Roush Fenway Racing entered Michigan with high hopes and looking for a rebound after a disastrous June on what historically has been one of its best tracks. A test a few weeks ago, along with Mark Martin’s return as driver consultant, instilled confidence that the three-car outfit had things pointed in the right direction. But Sunday? Even 10th-place Biffle, the highest running of the RFR outfit, was clearly a step behind from the drop of the green. Penske Racing’s two cars of Logano and Keselowski ran circles around Ford’s former top outfit, putting their rivals in place as second-class citizens. Heck, Keselowski ran eighth, two spots ahead of RFR despite slamming the outside wall with a blown tire late in the race. 

 

“We were so loose, I just couldn’t drive it,” said Carl Edwards, who endured two pit road penalties en route to a disappointing 23rd. “We were just too loose today to be able to do anything.”

 

It’s been a rough month, with an expected Edwards announcement of his departure to Joe Gibbs Racing on Tuesday while Biffle lost sponsor 3M for 2015 (the team claims it has a replacement to be announced in the next few weeks). Then Friday, the Wood Brothers announced it was shifting its partnership to Penske for 2015, putting rookie Ryan Blaney in the No. 21 for a limited schedule while getting chassis built by Roush’s rival. It’s another small but subtle sign the balance of power has shifted in Blue Oval land for good.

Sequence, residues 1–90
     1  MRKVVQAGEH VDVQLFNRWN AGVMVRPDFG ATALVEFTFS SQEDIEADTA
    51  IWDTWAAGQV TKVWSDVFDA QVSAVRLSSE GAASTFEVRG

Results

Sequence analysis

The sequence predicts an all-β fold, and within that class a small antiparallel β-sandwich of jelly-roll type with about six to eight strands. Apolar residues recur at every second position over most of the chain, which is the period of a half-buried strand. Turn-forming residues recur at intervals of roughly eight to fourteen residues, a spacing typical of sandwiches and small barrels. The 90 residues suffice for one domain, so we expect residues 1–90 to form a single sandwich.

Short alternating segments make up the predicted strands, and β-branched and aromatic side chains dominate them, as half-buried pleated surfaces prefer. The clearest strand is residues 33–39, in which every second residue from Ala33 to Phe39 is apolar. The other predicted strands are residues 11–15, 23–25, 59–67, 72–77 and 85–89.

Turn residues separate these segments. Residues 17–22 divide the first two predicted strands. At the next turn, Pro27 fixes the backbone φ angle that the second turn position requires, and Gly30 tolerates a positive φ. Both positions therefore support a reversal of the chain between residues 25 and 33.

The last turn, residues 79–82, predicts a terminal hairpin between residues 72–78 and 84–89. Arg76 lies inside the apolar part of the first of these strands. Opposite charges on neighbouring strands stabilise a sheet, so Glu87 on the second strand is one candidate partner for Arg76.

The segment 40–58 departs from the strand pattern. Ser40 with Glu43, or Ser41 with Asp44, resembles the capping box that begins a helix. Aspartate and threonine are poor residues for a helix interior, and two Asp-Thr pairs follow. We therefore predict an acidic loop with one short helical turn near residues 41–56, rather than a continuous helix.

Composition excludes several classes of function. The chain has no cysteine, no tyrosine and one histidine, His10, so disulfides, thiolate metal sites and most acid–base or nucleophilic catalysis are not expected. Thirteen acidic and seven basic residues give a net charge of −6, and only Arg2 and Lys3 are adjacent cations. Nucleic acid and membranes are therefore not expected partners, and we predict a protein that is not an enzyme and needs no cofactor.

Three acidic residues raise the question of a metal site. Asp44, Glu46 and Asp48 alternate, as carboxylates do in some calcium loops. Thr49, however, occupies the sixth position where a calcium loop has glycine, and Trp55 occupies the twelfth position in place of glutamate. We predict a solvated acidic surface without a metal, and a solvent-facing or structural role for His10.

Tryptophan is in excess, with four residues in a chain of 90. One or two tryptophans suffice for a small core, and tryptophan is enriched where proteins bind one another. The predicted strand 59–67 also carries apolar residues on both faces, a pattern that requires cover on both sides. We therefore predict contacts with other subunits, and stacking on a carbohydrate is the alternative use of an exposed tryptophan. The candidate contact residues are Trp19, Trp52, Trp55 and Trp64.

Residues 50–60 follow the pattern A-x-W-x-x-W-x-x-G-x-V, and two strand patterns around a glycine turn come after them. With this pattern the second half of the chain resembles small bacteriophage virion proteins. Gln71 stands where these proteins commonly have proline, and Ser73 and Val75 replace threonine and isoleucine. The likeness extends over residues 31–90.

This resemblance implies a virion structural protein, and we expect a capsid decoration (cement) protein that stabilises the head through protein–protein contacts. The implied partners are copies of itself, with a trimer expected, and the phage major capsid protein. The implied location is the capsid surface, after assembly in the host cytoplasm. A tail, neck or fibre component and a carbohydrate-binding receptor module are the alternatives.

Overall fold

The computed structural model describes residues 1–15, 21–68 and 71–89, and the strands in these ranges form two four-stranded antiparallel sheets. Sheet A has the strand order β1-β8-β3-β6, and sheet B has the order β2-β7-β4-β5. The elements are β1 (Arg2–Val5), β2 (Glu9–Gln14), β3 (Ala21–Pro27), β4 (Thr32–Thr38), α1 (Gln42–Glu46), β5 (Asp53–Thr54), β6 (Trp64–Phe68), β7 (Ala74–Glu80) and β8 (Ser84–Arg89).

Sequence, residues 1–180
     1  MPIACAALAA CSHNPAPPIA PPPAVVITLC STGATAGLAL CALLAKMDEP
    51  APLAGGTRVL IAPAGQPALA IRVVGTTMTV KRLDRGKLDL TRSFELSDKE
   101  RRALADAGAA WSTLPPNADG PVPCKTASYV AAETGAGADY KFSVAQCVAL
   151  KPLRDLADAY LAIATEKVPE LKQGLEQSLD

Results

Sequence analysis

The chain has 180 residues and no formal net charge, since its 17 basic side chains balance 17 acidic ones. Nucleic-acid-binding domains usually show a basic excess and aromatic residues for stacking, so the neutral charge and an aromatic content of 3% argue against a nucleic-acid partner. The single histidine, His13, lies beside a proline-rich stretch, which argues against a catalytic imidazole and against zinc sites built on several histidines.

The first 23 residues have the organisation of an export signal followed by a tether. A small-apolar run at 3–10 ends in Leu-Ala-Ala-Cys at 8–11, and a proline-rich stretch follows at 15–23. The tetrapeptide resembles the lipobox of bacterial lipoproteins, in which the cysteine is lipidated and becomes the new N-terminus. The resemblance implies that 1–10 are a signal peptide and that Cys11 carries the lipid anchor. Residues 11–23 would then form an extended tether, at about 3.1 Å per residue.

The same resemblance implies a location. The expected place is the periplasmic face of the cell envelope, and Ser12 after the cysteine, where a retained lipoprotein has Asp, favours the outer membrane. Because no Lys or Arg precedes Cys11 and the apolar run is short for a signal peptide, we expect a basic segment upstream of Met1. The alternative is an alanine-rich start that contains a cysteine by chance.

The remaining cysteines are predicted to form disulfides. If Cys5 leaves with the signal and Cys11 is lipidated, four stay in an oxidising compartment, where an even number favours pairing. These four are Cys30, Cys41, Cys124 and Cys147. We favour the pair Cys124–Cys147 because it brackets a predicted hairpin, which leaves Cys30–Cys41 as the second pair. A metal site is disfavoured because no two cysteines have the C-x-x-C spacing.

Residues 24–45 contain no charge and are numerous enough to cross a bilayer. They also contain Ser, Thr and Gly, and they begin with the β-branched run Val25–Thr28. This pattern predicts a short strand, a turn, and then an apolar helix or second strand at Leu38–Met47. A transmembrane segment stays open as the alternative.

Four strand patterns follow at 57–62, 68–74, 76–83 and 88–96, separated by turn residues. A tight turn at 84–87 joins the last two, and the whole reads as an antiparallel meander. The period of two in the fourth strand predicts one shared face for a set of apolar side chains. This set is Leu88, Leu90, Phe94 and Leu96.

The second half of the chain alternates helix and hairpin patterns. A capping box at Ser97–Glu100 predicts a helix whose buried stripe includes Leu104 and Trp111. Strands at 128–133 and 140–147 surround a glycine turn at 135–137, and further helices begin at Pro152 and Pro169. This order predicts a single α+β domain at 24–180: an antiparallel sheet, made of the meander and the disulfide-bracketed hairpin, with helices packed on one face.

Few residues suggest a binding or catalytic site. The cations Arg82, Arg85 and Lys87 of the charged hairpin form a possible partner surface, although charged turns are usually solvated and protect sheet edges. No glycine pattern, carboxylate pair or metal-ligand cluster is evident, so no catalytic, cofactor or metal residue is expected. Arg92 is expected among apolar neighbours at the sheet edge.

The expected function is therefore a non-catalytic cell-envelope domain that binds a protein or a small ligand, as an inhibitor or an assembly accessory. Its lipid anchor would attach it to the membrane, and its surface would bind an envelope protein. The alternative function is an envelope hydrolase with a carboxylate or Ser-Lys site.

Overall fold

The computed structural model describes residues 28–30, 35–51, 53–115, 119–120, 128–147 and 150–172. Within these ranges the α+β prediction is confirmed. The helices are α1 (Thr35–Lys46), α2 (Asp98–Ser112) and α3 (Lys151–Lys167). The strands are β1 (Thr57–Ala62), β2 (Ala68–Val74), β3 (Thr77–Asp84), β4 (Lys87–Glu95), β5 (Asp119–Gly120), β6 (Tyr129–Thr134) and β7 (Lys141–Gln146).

Roush needs to find a way to turn the tables.

 

 

OVERDRIVE

It was another rough day for Joe Gibbs Racing, as Kenseth got caught up in the Danica incident and Kyle Busch wrecked himself within the first five laps. “Struggling for speed,” was how Hamlin put it, having to scratch and claw his way into the top 10. After 12 wins in 36 races last year, JGR has just two through 23 races this year. … NASCAR’s new rule instituting drivers should stay in their cars didn’t change the racing, although it rarely had to be used on Sunday. No one criticized Larson for exiting his vehicle early with the car on fire and the wide, multi-groove Michigan track leaving him far away from potential danger. The real test will come at the rough-and-tumble Bristol short track Saturday night. … With a pole speed of 206.558 mph, it’ll be interesting to see what NASCAR does at Michigan going forward. Ryan Truex had a hard hit in practice, one that put him out with a concussion and several hard wrecks gave the garage area pause. You‘ve got to believe Monday’s Michigan test, used for 2015 rule changes, will be designed to slow the cars down dramatically.

 

 

Follow Tom Bowles on Twitter: @NASCARBowles

Photos by Action Sports, Inc.